The World Cup kicked off Friday morning in host country South Africa, and with that the NBA Finals were completely forgotten by about 90% of the globe (including, ahem, your faithful editors at ETB). The Cup has and probably always will trump the NBA Finals in most parts of the world when it comes around every 4 years, so maybe it’s time the NBA’s players stopped swimming against the tide and joined in.
What if Team USA had access to a time machine and could start training the NBA’s future stars in the ways of the world’s most popular sport instead? Who would they target and for what positions? Lucky for you I pondered these questions and have some answers.
Here are your NBA members of the hypothetical 2010 World Cup champs (if Team USA soccer actually had a time machine, and, well, didn’t actually use it to help humanity):
Goalie: LeBron James
With his size, hops, and quick-twitch speed, LeBron would probably be the best goalie in the world. He’d pounce on any opponents who dribble their way into the middle, could block shots close to the goal that require lightning fast reflexes, and he’d easily snatch any crosses that were intended for headers anywhere in the box. His aggressive attitude would fit his massive frame well, controlling the penalty area to the point of intimidation.
Center Fullbacks: Ron Artest and Chris Andersen
Center fullbacks have to control the area in front of the goalie so that opponents never get an easy look to score. They need the physical and mental toughness to stand up to any world-class forward, and they need enough speed to cover up anything that slips by the fullbacks out on the wings or the midfielders. Not only that, they are usually two of the team’s taller players so that they can head looping crosses out of harm’s way. I’d say Artest and Andersen are just about the perfect combination of size, toughness, and attitude to ensure no one ever gets a clean look at the goal.
Left and Right Fullbacks: Monta Ellis and Russell Westbrook
You need fullbacks on the wing who are fast and annoying and all over anything that the opponents are trying to develop from the outside. They have to be relentless on defense and willing to push ahead quickly with the ball when the opportunity presents itself for a counter-attack. Ellis and Westbrook possess all the natural skills necessary, plus they’re both more than able to pester opponents into making bad decisions with the ball, or to turn poor passes into quick strikes the other way.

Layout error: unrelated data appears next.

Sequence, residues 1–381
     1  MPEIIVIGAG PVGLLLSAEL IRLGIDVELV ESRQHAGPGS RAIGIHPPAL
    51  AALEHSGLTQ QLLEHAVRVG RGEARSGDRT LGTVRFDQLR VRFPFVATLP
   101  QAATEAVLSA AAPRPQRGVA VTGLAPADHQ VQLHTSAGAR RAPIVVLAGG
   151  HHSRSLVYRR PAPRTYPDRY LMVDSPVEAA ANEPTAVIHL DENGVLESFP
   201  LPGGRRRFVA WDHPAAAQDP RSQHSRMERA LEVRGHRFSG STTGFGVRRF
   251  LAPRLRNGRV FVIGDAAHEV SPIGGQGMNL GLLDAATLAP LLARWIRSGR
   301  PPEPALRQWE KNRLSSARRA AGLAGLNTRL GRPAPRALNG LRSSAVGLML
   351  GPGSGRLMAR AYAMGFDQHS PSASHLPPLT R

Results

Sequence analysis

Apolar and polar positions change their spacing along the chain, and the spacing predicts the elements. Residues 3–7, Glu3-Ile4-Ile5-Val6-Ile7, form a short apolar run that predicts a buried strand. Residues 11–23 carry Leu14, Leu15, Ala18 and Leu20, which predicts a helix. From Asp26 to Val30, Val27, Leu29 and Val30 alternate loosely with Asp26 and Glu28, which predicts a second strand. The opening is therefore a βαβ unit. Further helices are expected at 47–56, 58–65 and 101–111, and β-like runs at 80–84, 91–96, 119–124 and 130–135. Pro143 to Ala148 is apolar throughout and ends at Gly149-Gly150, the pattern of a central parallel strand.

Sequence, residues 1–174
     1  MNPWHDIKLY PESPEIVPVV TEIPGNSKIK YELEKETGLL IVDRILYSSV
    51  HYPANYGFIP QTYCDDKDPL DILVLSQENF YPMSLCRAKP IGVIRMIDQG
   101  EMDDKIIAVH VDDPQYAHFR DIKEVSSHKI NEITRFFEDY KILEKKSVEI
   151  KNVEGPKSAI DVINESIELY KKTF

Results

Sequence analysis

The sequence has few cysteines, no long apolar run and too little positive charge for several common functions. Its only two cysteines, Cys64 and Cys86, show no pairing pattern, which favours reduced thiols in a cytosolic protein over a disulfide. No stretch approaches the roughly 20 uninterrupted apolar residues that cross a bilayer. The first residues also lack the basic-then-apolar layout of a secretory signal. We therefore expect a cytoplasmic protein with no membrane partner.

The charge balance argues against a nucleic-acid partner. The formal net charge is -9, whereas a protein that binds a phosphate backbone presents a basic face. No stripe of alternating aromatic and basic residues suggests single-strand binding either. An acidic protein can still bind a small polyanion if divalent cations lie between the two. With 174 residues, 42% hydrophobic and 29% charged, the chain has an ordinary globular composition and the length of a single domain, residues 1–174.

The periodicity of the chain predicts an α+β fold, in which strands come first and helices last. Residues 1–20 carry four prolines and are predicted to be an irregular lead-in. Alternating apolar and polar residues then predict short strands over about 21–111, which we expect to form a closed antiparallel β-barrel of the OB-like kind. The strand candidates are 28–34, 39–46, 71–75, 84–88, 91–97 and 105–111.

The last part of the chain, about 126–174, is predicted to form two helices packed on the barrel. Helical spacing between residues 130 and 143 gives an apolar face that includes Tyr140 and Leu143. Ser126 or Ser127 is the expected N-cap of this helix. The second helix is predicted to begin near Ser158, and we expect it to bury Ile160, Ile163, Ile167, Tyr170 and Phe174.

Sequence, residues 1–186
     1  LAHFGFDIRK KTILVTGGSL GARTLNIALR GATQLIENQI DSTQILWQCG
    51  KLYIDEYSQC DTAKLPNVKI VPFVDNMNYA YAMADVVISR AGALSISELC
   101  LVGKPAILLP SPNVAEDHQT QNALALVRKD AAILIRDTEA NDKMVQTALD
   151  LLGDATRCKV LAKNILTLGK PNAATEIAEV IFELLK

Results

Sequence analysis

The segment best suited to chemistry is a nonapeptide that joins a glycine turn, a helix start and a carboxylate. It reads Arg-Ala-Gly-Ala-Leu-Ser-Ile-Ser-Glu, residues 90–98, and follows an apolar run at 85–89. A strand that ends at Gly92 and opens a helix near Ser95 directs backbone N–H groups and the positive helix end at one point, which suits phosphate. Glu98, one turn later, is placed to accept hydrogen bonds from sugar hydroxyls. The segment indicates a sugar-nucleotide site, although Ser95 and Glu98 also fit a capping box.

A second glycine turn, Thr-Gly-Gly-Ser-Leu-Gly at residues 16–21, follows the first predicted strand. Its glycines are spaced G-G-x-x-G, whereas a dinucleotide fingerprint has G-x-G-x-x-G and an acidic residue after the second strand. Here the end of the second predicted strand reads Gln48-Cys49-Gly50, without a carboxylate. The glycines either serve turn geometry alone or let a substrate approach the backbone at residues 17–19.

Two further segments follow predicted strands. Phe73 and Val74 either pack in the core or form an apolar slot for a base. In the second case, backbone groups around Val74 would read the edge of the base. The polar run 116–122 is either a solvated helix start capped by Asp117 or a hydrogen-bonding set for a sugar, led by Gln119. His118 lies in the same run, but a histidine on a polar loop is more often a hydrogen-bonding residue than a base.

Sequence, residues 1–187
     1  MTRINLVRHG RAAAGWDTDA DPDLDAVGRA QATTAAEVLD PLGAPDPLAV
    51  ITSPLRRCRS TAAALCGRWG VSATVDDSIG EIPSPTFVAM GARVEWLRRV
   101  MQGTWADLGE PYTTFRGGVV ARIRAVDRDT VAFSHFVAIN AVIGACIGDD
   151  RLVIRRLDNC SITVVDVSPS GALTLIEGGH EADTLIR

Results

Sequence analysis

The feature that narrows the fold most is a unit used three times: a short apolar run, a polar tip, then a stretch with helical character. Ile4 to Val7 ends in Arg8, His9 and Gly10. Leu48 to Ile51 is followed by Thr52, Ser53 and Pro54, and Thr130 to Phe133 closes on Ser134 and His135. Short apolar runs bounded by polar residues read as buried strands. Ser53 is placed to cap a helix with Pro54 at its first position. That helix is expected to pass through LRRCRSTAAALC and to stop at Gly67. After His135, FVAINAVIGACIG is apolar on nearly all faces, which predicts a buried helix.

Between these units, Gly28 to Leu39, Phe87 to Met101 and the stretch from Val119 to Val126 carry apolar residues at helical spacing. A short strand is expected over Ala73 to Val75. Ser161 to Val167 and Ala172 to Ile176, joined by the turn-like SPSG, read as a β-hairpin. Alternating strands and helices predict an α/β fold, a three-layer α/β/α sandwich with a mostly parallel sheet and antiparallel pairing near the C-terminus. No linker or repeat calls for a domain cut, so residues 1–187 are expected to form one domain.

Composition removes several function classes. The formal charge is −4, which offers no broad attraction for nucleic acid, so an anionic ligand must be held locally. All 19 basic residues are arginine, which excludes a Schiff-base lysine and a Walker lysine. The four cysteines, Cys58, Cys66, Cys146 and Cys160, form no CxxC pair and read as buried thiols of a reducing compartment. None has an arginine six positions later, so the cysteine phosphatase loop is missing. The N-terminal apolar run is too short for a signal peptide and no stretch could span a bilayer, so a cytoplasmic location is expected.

The rest of the NBA FIFA World Cup 2010 team after the break…
Center Midfielders: Chris Paul and Jason Kidd
Midfielders have to have the mentality to be a central part of every attack and every defense, and those in the middle help set the tone and pace for their team more than anyone. They need to be smart, willing to direct traffic on all parts of the pitch, and able to erase mistakes any of their teammates make. Paul’s mental makeup and incredible speed would make him ideal for this position, and Kidd’s added strength would be helpful when things start to get chippy in the middle-third.
Left and Right Midfielders: Rajon Rondo and Derrick Rose
Again, midfielders are an important aspect whether a team is looking to score or prevent a score, so they need the legs and stamina to be everywhere for the full 90 minutes. On offense, midfielders on the wings are often the players who fly down the sidelines with the ball in order to make crossing paths into the box for their forwards before a defense is set. In other words, you need players who can use bursts of speed before setting up their teammates in transition. On defense, left and right midfielders need to help ruin any opponent’s ability to make a clean run up the field or a clean pass from the wing into the box. Rondo and Rose both display all of these qualities.
Forwards: Dwyane Wade and Paul Pierce
Most teams that play two forwards up front fill the spots with two different types of scorers: one that is dynamic and can create for himself in the open field; and a taller, stronger player who picks his spots to knock in one-touchers in traffic, often in the air with his head. Wade is as fast and shifty with the ball as anyone, and he could definitely embarrass more than a few defenders who are stuck trying to slow him down in the middle. Pierce has that veteran’s know-how to find the right opportunity to be able to make a single, skillful touch on the ball that’s the difference between a goal and not, plus he’s plenty tall enough to work anything across the middle in the air.
Longtime ETB contributor Zachariah Blott is also the founder and editor of Hoops Karma, which provides expert NBA news and analysis.